Marks 4WD takes this LC79 to dizzy­ing heights.

Marks 4WD is tak­ing the ven­er­a­ble Land Cruiser 70 to new heights, and this 79 show­cases all its ma­jor of­fer­ings.

4 x 4 Australia - - Contents - WORDS MATT RAUDONIKIS PHO­TOS MICHAEL HURREN

THERE’S no deny­ing the pop­u­lar­ity of Toy­ota’s Land Cruiser 70 range among 4x4 en­thu­si­asts. The re­cent demise of Land Rover’s De­fender and Nis­san’s GU Pa­trol makes the 70’s po­si­tion in the mar­ket even more unique; it’s now one of the few re­main­ing real 4x4s you can still by, and is cer­tainly the tough­est. Its do-it-all abil­ity, along with its bel­low­ing V8 diesel en­gine, has won it many fans over its long his­tory.

Yet the LC70 is far from per­fect, and there are many points that keep it off the shop­ping list of some po­ten­tial buy­ers. It’s a 35-year-old ve­hi­cle de­sign, and with that age comes not only its rugged and bush-wor­thy un­der­pin­nings, but also de­sign com­pro­mises in cabin er­gonomics, fea­tures, safety and com­fort. Then there’s the fact that Toy­ota doesn’t of­fer the 70 with an au­to­matic trans­mis­sion and hasn’t since the 1980s, which leaves it off the radar of many older buy­ers and those who tow stuff.

The track width dif­fer­en­tial, which has the rear tyres fol­low­ing the fronts on a dif­fer­ent line thanks to the nar­rower rear diff hous­ing, causes all sorts of dra­mas with han­dling and abil­ity. And while the 4.5-litre V8 is pretty good, it’s softly tuned and quite un­der­pow­ered for its size and de­sign, so tuners are hav­ing a field day with it.

In fact, tuners, engi­neer­ing shops and ac­ces­sories man­u­fac­tur­ers are all go­ing to town on the 70 Se­ries, sup­ply­ing just about ev­ery­thing you could want for it, and many of th­ese mods go some way to rec­ti­fy­ing the fac­tory short­com­ings. But what if there was a one-stop shop that could trans­form your 70, a work­shop that could ad­dress some of the fac­tory short­com­ings and take your 70 Se­ries to a whole new level? We’re happy to say there is such a place: Marks 4WD in Mel­bourne.

Marks 4WD has a his­tory as long as the 70 it­self, a his­tory of con­vert­ing and trans­form­ing 4x4 ve­hi­cles into the more pow­er­ful and ca­pa­ble ve­hi­cles off-road en­thu­si­asts want. Prob­a­bly best-known for its V8 and V6 en­gine con­ver­sions in pop­u­lar 4x4s, Marks has gone on to de­velop por­tal axles for Pa­trols and Land Cruis­ers, auto trans con­ver­sions for 70s, and a host of other prod­ucts to im­prove a swag of dif­fer­ent ve­hi­cles.

This LC79 dou­ble-cab is a show­case of the up­grades and prod­ucts that Marks 4WD can do for the 70 Se­ries ute, be it the dou­ble-cab like this one or the farm­ers’ favourite sin­gle­cab. It was built so the com­pany could get Com­mon­wealth cer­ti­fi­ca­tion for the por­tal axle con­ver­sions – that in­cludes run­ning on 35-inch tyres. With this ap­proval, you can now legally run the por­tals and 35s un­der your 79 in any Aus­tralian state.

What if there was a work­shop that could ad­dress some of the fac­tory short­com­ings and take your 70 Se­ries to a whole new level? There is: Marks 4WD in Mel­bourne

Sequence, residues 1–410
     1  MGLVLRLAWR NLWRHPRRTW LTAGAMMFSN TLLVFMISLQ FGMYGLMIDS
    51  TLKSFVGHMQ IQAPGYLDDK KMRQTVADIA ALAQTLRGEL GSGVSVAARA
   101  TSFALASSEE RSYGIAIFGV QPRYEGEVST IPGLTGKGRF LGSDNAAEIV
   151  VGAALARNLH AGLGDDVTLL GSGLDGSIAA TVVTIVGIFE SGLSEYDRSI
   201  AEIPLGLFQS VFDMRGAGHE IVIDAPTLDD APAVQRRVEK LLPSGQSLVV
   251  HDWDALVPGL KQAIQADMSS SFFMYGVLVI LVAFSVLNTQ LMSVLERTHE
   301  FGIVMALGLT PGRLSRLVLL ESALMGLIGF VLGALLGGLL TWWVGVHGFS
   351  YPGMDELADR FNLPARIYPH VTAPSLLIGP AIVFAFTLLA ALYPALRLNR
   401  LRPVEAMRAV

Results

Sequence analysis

STEP BY STEP

LEIGH Hard­man of Marks 4WD started with a brand new LC79 for this ve­hi­cle. To be el­i­gi­ble for sec­ond-stage man­u­fac­turer ‘type’ ap­proval, mod­i­fi­ca­tions need to be com­pleted be­fore a ve­hi­cle is reg­is­tered for the road. The same goes for GVM up­grades, chas­sis stretches and other ma­jor mod­i­fi­ca­tions, oth­er­wise the ve­hi­cle needs to be in­di­vid­u­ally in­spected and ap­proved by an en­gi­neer. Type ap­proval cer­ti­fies that the mod­i­fi­ca­tion has been tested and ap­proved, and if fit­ted cor­rectly meets all the na­tional con­sid­er­a­tions for road­wor­thi­ness.

The por­tal axles ef­fec­tively give you a 150mm lift in ride height un­der the axles (as op­posed to over the axles, as would be the case with an equiv­a­lent sus­pen­sion or sus­pen­sion and body lift). This means you don’t have the prob­lems of al­tered sus­pen­sion ge­om­e­try and han­dling is­sues that come with big sus­pen­sion lifts – not to men­tion the le­gal­i­ties of such lifts.

The rear axle has been widened 50mm to match the front end track width and then the por­tal boxes at ei­ther end of the axle hous­ings add an­other 100mm to the track width. LC200 style wheels with a +60 off­set are used to bring the width back in a bit to a to­tal of 80mm over stock.

The mod­i­fied front axle also fea­tures heavy-duty, one-piece

swivel hubs and air-op­er­ated free-wheel­ing hubs. Th­ese are ac­ti­vated at the push of a but­ton in-cabin, and al­low quick and easy shift­ing to 4WD with­out hav­ing to get out and man­u­ally lock in the hubs.

Up­graded brakes are part of the pack­age and in­clude slot­ted ro­tors, high-per­for­mance pads and braided stain­less-steel brake lines. This truck also fea­tures the Marks 4WD hy­draulic brake booster con­ver­sion, which trans­forms the ve­hi­cle’s stop­ping abil­ity. Any­one who has driven a 70 will know how poor the standard brakes can be, but the stop­pers on this truck are pow­er­ful and as­sur­ing, both on- and off-road. They pro­vide a pos­i­tive pedal feel, where the OE ones would get very spongy. A wor­thy mod­i­fi­ca­tion for any 70 Se­ries Cruiser.

Speak­ing of stop­pers, an­other 70 Se­ries weak­ness is the OE park brake’s in­abil­ity to hold the ve­hi­cle on a hill. Marks 4WD fixed this, too, fit­ting a drum-style brake on the back of the trans­fer case (Nis­san-style), for sure-footed hill-hold­ing. We con­fi­dently propped the 79 on a steep rocky track near Mel­bourne while we pho­tographed it, some­thing you would never en­trust to the standard park brake.

The por­tal axle con­ver­sion also gives the 79 a GVM up­grade to 3780kg, so you’ll ap­pre­ci­ate the bet­ter brakes with the heav­ier loads on board.

PER­FECT MATCH

THE next big change to this 79 is the six-speed auto con­ver­sion. Marks has fit­ted dozens of th­ese con­ver­sions since they de­buted more than a year ago, and they make liv­ing with a 70 Se­ries eas­ier.